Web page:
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  • Hridya Chaudhary

#HumansofCapeBretonUniversity – Marlene Powell 

Unlock your phone. If you have that tiny little app called Instagram on there, chances are, you’ve heard of Humans of New York. Humans of New York is a photo series started by Brandon Stanton. Right from the streets of New York to the grids in your hand. We, at Caper Times, are highly inspired by it. So, there you have it, our very own Humans of Cape Breton University. Student of the Year directed by Karan Johar, more like Student of the month by Caper Times. 

Treaty Day, October 1st, marks the beginning of Mi’kmaq History Month. So, for the month of October 2020, our #HumansofCapeBretonUniversity is Marlene Powell, a 3rd year CBU student majoring in Psychology. She is from Labrador, and of Métis Decent. She’s a big advocate of gender equality and justice for Indigenous discrimination. 

She passed on a statement to us:  

“Gender Equality is something not to be celebrated just today, but everyday. Women sacrificed so much and persistently fought for the rights we have today.  Recognizing these hardships, battles and things that still need to be advocated for, is important, we cannot stop now.  

My name is Marlene Powell and I am a 3rd year university student studying Psychology, I am from Labrador and of Métis Decent. I have thought about what has brought me to where I am today, and it wasn’t an easy journey.  Being a woman takes strength, but sometimes it’s not enough, I am a survivor of domestic violence. It takes a lot to say that, I am not the same person I was before that, I had to learn that no matter how bad it was, I survived, and I am no longer a victim. I passed that strength on to other women who had experienced similar violence in their lives. I am a strong advocate for MMIW, me and another student named Starla Brown organized an Art awareness showcase at the CBU Library that featured artists all over Canada, pieces not only poured in from northern communities but people’s hearts, the stories and learning I took from that experience was nothing like I have ever done. The amount of people who asked questions, took moose hide campaign pins, volunteers such as Nina Kent, Morgan Toney and Karen Bernard made the event possible. It’s because of the conversations I do have that are opportunities for myself and others to focus on the way we can improve our communities, and advocate for change.  It was when a woman from Labrador fell victim to violence when it really hit home, everyone felt it.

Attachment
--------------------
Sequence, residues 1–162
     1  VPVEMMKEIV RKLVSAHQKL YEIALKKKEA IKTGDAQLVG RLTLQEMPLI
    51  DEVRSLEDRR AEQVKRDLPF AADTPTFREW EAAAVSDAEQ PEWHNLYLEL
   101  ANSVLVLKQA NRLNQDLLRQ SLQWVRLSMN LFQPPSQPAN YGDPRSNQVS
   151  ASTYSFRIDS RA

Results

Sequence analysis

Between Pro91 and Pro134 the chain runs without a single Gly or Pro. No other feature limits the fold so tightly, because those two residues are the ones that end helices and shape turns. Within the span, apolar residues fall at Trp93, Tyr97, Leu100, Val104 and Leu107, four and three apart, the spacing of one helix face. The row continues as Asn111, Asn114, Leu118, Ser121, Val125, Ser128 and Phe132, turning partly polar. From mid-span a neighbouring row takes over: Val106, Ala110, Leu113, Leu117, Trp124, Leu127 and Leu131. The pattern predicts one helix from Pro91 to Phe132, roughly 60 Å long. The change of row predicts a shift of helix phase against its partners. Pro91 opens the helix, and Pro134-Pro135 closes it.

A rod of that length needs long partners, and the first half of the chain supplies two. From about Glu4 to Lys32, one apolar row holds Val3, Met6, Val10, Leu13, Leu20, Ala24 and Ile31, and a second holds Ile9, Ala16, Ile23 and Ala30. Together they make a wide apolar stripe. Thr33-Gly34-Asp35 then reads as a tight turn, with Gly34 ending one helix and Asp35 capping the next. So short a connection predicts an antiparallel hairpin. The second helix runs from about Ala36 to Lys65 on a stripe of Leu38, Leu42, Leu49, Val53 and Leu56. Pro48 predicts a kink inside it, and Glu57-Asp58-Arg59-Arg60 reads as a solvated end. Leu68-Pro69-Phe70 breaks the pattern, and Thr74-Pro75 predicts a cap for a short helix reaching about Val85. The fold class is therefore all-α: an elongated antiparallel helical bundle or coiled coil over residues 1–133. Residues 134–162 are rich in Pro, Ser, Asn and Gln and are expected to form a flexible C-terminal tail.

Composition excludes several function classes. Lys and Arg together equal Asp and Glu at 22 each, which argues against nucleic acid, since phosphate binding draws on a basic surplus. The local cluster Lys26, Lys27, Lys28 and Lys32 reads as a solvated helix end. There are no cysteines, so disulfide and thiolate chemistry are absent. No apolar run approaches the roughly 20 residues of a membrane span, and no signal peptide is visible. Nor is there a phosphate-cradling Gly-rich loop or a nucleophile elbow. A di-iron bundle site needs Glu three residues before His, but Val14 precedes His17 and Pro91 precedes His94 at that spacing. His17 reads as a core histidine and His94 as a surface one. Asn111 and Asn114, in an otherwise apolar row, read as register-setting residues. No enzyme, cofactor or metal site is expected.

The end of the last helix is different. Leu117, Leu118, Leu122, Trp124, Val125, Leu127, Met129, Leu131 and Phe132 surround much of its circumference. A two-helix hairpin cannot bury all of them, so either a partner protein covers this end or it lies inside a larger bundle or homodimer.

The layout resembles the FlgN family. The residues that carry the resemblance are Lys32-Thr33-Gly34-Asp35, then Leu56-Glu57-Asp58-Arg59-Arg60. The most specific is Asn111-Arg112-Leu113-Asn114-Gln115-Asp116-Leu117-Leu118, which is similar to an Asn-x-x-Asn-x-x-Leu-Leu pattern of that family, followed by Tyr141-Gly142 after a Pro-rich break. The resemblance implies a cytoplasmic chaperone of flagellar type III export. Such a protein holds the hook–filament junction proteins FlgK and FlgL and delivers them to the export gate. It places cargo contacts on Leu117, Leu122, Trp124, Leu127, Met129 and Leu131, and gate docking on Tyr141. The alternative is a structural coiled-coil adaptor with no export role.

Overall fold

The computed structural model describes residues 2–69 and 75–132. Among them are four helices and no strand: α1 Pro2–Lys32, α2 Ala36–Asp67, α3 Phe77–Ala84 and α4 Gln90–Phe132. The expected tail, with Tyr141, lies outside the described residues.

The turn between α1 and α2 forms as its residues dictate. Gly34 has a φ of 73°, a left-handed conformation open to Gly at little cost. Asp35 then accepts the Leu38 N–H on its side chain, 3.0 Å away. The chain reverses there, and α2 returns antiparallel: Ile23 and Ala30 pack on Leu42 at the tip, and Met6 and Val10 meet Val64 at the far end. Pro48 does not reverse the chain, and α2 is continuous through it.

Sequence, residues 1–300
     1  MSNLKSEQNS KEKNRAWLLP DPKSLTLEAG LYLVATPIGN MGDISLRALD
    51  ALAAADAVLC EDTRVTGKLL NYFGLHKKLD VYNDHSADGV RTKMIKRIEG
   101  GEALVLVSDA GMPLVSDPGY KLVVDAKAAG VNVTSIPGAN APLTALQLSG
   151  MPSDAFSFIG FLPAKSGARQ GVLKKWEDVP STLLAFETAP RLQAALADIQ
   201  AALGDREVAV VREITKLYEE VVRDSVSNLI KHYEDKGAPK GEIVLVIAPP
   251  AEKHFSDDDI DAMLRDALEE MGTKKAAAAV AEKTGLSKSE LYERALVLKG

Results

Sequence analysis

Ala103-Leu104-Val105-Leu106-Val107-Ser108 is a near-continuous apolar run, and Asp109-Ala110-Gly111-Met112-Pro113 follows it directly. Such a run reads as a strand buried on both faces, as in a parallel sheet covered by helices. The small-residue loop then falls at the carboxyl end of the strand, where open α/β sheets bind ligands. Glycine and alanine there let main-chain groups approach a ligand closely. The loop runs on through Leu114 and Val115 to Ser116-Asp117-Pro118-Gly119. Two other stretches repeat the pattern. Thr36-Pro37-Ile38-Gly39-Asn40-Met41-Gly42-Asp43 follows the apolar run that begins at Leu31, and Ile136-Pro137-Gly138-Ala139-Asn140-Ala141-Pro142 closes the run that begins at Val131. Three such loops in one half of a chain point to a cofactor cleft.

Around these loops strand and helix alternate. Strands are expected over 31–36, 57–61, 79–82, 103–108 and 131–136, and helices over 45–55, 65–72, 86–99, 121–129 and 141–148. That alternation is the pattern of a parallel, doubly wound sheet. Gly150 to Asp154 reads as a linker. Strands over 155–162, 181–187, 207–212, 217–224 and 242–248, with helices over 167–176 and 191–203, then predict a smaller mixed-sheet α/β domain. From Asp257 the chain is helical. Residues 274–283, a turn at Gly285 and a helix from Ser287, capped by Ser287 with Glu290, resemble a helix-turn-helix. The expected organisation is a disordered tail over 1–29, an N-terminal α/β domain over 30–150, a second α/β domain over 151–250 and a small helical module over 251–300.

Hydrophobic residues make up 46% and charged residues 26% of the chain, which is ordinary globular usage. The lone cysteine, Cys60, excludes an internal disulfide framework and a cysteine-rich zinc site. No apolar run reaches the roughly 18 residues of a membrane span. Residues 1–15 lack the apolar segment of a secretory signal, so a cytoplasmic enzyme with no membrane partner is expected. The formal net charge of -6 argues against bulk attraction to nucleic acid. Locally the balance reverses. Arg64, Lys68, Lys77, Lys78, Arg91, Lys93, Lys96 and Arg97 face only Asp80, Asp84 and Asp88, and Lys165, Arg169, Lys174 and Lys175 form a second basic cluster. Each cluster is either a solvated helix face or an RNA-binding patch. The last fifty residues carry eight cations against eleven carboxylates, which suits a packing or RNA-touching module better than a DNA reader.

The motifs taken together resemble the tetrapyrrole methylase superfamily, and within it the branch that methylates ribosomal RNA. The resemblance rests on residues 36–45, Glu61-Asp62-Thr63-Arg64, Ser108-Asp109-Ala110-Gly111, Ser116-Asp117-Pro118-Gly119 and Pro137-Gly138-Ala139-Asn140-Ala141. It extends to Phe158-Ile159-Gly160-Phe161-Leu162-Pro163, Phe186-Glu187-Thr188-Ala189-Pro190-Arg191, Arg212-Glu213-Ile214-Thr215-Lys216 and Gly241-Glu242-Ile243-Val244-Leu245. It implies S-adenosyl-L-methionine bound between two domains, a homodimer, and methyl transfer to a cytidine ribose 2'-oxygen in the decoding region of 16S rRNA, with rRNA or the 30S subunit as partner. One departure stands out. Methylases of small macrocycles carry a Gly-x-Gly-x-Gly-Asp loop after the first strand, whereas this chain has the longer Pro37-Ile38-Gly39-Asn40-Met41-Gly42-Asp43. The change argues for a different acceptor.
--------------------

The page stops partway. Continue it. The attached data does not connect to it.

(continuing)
Loretta Saunders' picture sits in the showcase at CBU library, and it honours the change she was advocating for, she was Inuk women from Labrador attending St. Mary’s university writing her thesis on MMIW, she sadly never got to finish it because her life was taken by a senseless act of violence. This day we can celebrate our success, but we still have a long way to go in terms of gender equality, Indigenous women and children are more at risk for violence than any other population in Canada. We must advocate and never stop talking about violence against women, learn how to be an advocate, reach out to someone if you think they may be experiencing violence, if everyone took steps for change, we could go far!

Let’s make 2020 count for women and girls everywhere.” 

We hope this reaches you in time. 

PS., As a special mention, our last year's Editor in Chief, Dipanshu Grover, helped us cover Marlene's story.

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